Italians hit by austerity and recession on Saturday prepared to take to the polls for an election that is being watched around Europe, a day after a mass rally in Rome showed rising social discontent.
Tens of thousands of people turned out to hear Beppe Grillo, a comedian turned activist whose Five Star Movement could receive a massive protest vote and become Italy's third biggest political party after the elections on Sunday and Monday.
"Let's send them all home!" the crowd chanted on Friday -- a slogan of Grillo's campaign against mainstream politicians, many of whom have been discredited recently by a series of investigations into corruption and waste of public funds.
Grillo has promised to slash politicians' salaries, increase unemployment benefits and hold a referendum on whether Italy should retain the euro.
Candidates could not campaign on Saturday, and voter surveys have been off-limits for the two weeks leading up to the polls.
"I am worried for my country," centre-left leader Pier Luigi Bersani, the favourite in the polls, told supporters at his final rally on Friday.
Renowned film director Nanni Moretti also spoke at the event, saying said it was time to "liberate" Italy from the scandal-tainted media tycoon Silvio Berlusconi who has said he is confident of victory.
Bersani, a cigar-chomping former communist who now espouses broadly pro-market views, has said he will continue with the budget discipline enforced by Monti to the delight of financial markets.
But he will come under pressure to ease back on austerity and do more to promote growth and jobs as Italy endures its longest recession in 20 years with unemployment at a record high of 11.2 percent.
The financial markets are monitoring closely as a return to Italy's bad old days of free-wheeling public finances could spell disaster for the eurozone beset by a debt crisis.
The elections received an unexpected boost on Saturday from Pope Benedict XVI, who met Italian President Giorgio Napolitano -- the last world leader he will meet before resigning on Thursday.
"I will pray for Italy," the pope said at the talks.
-- "A Fight Between Clowns": Berlusconi and Grillo --
German Finance Minister Wolfgang Schaeuble told the Stuttgarter Zeitung daily that it was "in Italy's interests" to continue with Monti's reform agenda.
Belgian daily Le Soir carried an editorial titled "Italian Elections, European Stakes".
"The real danger that threatens Italy, and therefore all of Europe, is instability," wrote the paper's editorialist Christophe Berti.
Polish daily Gazeta Wyborcza said the election was "A Fight Between Clowns" -- Berlusconi and Grillo.
With everything at stake, the campaign has been remarkably underwhelming, with few rallies and a lot of back-and-forth in television interviews that have provided little detail on electoral promises.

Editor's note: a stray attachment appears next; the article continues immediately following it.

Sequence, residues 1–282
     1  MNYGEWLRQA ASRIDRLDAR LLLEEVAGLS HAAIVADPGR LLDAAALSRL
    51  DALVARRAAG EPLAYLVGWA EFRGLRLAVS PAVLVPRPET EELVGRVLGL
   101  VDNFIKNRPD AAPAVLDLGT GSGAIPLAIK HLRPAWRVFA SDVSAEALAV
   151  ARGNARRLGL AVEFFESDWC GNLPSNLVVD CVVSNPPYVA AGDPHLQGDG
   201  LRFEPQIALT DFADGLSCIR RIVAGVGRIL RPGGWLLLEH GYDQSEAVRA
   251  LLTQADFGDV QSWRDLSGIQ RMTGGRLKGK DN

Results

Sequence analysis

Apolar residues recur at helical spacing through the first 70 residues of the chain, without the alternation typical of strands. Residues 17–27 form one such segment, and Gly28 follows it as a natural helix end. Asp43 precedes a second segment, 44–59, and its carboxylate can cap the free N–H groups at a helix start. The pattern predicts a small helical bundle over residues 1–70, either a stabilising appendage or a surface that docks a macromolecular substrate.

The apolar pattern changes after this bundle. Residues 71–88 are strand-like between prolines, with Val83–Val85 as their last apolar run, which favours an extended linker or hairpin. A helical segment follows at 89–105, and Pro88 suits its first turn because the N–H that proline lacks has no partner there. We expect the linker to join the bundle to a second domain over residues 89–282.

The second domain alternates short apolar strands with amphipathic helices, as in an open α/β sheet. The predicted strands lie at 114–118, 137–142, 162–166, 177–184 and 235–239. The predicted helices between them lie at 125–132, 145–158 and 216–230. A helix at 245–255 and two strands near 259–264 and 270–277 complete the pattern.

A case in point was Berlusconi's vow to refund to Italians -- if needed out of his own pocket -- an unpopular property tax levied by Monti. It came in an official-looking letter that prompted some to queue at post offices to claim their money back.
The billionaire, who is fighting his sixth election campaign in two decades and is a defendant in two trials for tax fraud and sex with an underage prostitute, has been rising in the polls.
he 76-year-old has pursued a populist campaign, intimating that Italy's social misery can be blamed on a "hegemonic" Germany imposing austerity.
Polls open at 0700 GMT on Sunday and close at 1900 GMT. A second day of voting on Monday begins at 0600 GMT and ends at 1400 GMT, after which early results will begin to trickle through late Monday.
More than 61,000 polling stations were set up across Italy on Saturday. Just over 47 million people can cast their ballots in the election.
Several polls indicate that Bersani may score only a half-victory by winning a majority in the lower house of parliament, the Chamber of Deputies, but failing to get one in the upper house, the Senate.
That would give Monti, an economics professor who is running as head of a centrist grouping, a crucial role as a coalition partner and could bring him back to government with a ministerial portfolio.
An average of the most recent polls gave Bersani 34 percent of the vote, Berlusconi 30 percent, Grillo 17 percent and Monti around 11 percent.
In the hours ahead of the vote, officials and even famous singer Adriano Celentano urged Italians to come out and vote amid fears that disillusionment and bad weather could depress the turnout.
"If you don't vote you hurt yourself," Celentano croons. "The politicians are light years away from understanding the reasons for this crisis.
"They tell me there is a new wave that started from nothing. And this avalanche is advancing like a cyclone to wipe out the rot of this nation."